Son of a fish, is it a little fish? Throughout the history of art, we have several examples of painters who influenced the profession of the next generation, such as Camille and Lucien Pissarro, John and Edward Piper, Pieter Bruegel, the Old and the Young, José Oiticica Filho and Helio Oiticica, among so many others. This history, of course, also extends to the contemporary world and that is why, with the celebration of Father's Day, we invite several parents and children who are professionals in the artistic circuit to talk about work and family life.
Maybe you ask yourself:
To what extent was this resemblance a mere coincidence?
Jones Bergamin aka feather, is a dealer, auctioneer and father of three children, including gallerist Antonia Bergamin. At first, when talking to the two, they seem completely opposite, like water and wine. While the father says he never encouraged any of the three children to follow the same career or to take care of the company, Antonia already says that he encouraged them in 100%.
But even if it doesn't seem like it, they say the same thing. In most of the cases interviewed, parents let their child's professional choice emerge naturally, without demands or pressure. However, we know that those who love art do so with complete dedication and end up taking the artistic atmosphere of their work home. In this way, it becomes almost inevitable to influence and inspire, each in their own way, the closest loved ones. It is very common that over the years artistic subjects have been present at each dinner table. “For us art is the main subject, we talk about art all day long. It's a bit obsessive,” comments Antonia.
For many children, entering their father's work universe involves paths of admiration, but also of great responsibility in dealing with their respective legacies. Clara Gerchman is a collections manager and daughter of the late artist Rubens Gerchman. She never wanted to be an artist or pursue any area within this circuit, but when her father died, she found herself in a situation that required this change. “There was no way not to have a quick understanding of the legacy he had left and embrace it,” she says. Today Clara directs the institute that bears her father's name and is most responsible for spreading his father's memory.
Of course, the unpredictability of an artist son's career can be a great fear for a parent. Lenora de Barros, a great name in contemporary art, and his sister followed the same profession as their late father, Geraldo de Barros, who left an unparalleled legacy for Brazilian concretism. In addition to being an artist, Geraldo worked at the bank in the mornings for many years. Despite being a great creative incentive in his daughters' lives, he always pondered the difficulties of having art as his main source of livelihood.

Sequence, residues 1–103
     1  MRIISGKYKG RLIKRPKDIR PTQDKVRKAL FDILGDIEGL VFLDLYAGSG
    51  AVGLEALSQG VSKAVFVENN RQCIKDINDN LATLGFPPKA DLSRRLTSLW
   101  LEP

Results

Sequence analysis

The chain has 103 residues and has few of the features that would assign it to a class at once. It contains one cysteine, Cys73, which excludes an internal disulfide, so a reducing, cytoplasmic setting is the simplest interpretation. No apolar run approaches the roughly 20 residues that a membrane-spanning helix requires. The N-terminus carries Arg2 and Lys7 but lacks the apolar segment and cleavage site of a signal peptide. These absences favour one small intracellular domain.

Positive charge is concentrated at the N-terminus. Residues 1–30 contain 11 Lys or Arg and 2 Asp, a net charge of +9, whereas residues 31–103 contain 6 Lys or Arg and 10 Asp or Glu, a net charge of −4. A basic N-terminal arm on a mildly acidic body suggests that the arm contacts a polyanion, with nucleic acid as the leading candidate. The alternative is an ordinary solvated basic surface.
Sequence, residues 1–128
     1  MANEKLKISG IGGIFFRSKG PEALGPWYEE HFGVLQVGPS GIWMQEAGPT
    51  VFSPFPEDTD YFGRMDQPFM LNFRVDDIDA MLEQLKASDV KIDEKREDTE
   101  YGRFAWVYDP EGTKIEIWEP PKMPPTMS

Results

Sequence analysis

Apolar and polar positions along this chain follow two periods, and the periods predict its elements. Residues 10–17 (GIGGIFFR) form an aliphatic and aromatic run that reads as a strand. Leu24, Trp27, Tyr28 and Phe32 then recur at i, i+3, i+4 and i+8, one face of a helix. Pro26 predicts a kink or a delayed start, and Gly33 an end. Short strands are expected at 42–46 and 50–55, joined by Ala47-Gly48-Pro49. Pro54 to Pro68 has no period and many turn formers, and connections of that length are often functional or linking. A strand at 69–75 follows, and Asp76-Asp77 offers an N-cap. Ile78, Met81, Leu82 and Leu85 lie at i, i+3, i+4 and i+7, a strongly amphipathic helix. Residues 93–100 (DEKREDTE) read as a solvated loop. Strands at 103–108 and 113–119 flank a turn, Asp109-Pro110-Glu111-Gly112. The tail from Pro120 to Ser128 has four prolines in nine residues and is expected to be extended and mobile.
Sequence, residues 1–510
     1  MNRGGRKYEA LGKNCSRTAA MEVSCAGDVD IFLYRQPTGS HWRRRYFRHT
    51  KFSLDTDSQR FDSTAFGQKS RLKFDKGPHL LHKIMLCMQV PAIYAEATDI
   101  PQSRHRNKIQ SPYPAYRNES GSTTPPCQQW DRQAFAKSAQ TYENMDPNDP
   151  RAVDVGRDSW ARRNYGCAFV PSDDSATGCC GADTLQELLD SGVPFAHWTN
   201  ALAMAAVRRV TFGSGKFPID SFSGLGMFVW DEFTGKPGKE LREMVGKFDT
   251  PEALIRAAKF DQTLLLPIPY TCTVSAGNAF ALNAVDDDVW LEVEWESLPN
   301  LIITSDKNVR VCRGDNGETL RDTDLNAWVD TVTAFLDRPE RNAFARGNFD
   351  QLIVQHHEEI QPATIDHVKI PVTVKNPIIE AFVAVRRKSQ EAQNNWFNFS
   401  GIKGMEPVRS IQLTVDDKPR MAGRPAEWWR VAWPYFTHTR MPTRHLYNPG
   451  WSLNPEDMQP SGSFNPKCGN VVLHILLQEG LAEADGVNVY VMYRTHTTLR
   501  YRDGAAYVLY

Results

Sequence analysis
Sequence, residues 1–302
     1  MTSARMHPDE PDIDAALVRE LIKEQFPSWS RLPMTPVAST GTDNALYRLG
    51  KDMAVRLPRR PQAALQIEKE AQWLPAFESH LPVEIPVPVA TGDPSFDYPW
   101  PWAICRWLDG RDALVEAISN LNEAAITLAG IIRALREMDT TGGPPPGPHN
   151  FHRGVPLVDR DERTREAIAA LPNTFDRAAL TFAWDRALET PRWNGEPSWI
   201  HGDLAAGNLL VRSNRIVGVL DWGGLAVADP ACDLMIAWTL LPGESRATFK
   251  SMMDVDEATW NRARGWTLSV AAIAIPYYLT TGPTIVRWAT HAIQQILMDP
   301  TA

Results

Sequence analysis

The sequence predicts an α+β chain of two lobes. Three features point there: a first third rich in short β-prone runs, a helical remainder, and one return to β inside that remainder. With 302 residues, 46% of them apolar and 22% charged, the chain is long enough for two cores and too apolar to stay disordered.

But there are also exceptions of parents who report having intentionally tried to avoid an artistic education or who, for some moment, wished that their children would not follow the same occupation. It is the case of Agnaldo Farias, curator and father of Theo Monteiro, also curator. He says that he never took his son to exhibitions, with the exception of a Bienal de São Paulo which featured a famous spider sculpture by Louise Bourgeois and which, according to him, only served to traumatize his son, who at the time was frightened by it. the creature. The two attribute the artistic influence on Theo's life to his maternal grandfather who was an architect, linked to colonial art and architecture, and restored baroque churches.
Max Perlingeiro, director of Pinakotheke and father of Camila, Mariana, Max and Victor, who work in different areas of each branch of the company, comments on the fear of including children in the business. “I always joked that I never wanted to hire a son, because a son doesn't resign”. But, according to himself, even though he was very hesitant, everything flowed naturally and there was a kind of inversion: “they hired me, when I saw I was among them”, he jokes. “It was the best thing that could have happened to me,” he concludes.